Journal of Youth and Adolescence

, Volume 42, Issue 1, pp 109–122 | Cite as

Not Worth the Fuss After All? Cross-sectional and Prospective Data on Violent Video Game Influences on Aggression, Visuospatial Cognition and Mathematics Ability in a Sample of Youth

  • Christopher J. Ferguson
  • Adolfo Garza
  • Jessica Jerabeck
  • Raul Ramos
  • Mariza Galindo
Empirical Research


The United States Supreme Court’s recent decision relating to violent video games revealed divisions within the scientific community about the potential for negative effects of such games as well as the need for more, higher quality research. Scholars also have debated the potential for violent games to have positive effects such as on visuospatial cognition or math ability. The current study sought to extend previous literature by using well-validated clinical outcome measures for relevant constructs, which have generally been lacking in past research. Cross-section data on aggression, visuospatial cognition, and math achievement were available for a sample of 333 (51.7 % female) mostly Hispanic youth (mean age = 12.76). Prospective 1-year data on aggression and school GPA were available for 143 (46.2 % female) of those youth. Results from both sets of analysis revealed that exposure to violent game had neither short-term nor long-term predictive influences on either positive or negative outcomes. A developmental analysis of the cross-sectional data revealed that results did not differ across age categories of older children, preadolescents or adolescents. Analysis of effect sizes largely ruled out Type II error as a possible explanation for null results. Suggestions for new directions in the field of video game research are proffered.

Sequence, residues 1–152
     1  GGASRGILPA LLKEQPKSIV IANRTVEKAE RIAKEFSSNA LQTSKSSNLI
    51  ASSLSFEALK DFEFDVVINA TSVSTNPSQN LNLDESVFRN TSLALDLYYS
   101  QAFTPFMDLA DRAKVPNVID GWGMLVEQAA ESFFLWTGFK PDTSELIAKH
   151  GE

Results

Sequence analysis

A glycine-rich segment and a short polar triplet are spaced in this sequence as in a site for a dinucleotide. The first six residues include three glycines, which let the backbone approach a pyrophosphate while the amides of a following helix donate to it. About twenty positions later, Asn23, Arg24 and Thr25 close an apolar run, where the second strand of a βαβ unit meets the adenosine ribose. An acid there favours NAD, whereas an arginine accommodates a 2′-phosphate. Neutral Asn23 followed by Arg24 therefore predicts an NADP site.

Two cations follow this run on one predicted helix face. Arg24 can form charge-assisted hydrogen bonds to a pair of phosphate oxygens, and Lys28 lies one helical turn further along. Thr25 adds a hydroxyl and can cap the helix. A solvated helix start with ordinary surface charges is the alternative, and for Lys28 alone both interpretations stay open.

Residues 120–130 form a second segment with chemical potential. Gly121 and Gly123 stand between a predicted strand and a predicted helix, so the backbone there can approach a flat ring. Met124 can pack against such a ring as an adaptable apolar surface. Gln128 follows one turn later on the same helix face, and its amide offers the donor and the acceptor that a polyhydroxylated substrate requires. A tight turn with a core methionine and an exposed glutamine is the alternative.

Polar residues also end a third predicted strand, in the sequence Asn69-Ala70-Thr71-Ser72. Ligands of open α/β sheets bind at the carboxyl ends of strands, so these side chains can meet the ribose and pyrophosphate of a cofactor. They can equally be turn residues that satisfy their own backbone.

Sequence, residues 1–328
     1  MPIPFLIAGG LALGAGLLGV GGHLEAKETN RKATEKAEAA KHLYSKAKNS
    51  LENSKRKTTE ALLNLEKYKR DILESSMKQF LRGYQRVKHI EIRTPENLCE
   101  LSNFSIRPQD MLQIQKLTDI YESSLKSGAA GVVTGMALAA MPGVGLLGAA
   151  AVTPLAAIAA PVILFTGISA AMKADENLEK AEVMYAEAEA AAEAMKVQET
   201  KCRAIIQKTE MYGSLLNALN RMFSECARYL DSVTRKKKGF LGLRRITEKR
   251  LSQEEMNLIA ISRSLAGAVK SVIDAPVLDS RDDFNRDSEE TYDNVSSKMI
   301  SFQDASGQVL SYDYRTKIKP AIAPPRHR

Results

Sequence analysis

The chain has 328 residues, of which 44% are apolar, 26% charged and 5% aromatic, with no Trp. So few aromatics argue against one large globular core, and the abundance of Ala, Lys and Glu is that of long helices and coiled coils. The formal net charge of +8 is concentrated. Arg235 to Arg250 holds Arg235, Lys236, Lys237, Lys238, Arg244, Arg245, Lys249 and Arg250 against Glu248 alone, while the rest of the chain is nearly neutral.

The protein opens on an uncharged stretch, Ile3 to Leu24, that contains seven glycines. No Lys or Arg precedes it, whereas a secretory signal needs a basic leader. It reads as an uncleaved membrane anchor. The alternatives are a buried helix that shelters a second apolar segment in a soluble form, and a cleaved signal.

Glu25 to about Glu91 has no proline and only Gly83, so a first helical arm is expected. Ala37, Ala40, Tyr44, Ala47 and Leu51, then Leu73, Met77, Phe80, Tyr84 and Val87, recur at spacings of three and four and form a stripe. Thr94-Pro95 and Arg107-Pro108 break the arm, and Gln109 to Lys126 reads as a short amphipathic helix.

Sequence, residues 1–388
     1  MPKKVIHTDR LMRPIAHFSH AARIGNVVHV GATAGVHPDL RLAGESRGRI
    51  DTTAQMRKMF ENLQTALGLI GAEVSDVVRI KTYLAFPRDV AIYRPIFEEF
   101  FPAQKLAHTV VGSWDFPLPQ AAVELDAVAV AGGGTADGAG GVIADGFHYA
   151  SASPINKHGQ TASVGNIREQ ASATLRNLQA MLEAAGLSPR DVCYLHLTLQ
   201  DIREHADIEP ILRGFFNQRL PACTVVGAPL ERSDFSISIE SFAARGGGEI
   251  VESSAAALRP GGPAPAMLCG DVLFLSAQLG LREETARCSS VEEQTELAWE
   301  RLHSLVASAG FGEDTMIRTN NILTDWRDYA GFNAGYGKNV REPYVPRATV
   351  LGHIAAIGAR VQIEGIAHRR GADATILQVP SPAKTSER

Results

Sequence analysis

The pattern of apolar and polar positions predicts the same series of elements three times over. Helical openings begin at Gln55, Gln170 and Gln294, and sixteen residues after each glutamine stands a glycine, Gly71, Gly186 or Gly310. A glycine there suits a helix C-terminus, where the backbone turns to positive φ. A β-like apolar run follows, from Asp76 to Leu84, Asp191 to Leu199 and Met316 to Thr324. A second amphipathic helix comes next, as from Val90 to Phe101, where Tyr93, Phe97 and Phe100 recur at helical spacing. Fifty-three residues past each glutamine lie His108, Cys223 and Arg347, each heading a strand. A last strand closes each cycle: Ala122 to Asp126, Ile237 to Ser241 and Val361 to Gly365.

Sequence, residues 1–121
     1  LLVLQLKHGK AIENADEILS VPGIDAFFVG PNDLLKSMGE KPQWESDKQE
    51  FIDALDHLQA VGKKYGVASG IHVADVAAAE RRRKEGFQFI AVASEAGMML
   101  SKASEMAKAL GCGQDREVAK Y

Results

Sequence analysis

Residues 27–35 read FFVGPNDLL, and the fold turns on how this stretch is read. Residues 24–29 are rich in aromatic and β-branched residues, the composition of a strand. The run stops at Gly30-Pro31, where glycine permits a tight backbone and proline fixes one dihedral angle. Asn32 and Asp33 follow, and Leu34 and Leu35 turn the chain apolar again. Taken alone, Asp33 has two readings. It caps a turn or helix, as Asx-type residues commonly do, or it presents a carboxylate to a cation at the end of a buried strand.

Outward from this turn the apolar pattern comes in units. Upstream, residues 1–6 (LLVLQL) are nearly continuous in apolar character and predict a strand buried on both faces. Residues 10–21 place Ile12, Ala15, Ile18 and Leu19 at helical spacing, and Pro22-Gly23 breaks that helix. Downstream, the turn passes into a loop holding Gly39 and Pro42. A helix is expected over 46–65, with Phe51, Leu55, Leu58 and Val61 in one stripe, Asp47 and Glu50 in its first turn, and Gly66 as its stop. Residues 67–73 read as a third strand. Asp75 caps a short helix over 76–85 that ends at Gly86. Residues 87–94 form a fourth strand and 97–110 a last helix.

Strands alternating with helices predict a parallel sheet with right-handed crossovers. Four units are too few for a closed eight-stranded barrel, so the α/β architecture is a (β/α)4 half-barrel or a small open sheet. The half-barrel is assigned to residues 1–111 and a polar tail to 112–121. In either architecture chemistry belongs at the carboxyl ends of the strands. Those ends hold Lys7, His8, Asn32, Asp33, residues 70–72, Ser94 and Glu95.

Video games Aggression Cognition Child development Adolescence 


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Copyright information

© Springer Science+Business Media, LLC 2012

Authors and Affiliations

  • Christopher J. Ferguson
    • 1
  • Adolfo Garza
    • 1
  • Jessica Jerabeck
    • 1
  • Raul Ramos
    • 1
  • Mariza Galindo
    • 1
  1. 1.Department of Psychology and CommunicationTexas A&M International UniversityLaredoUSA

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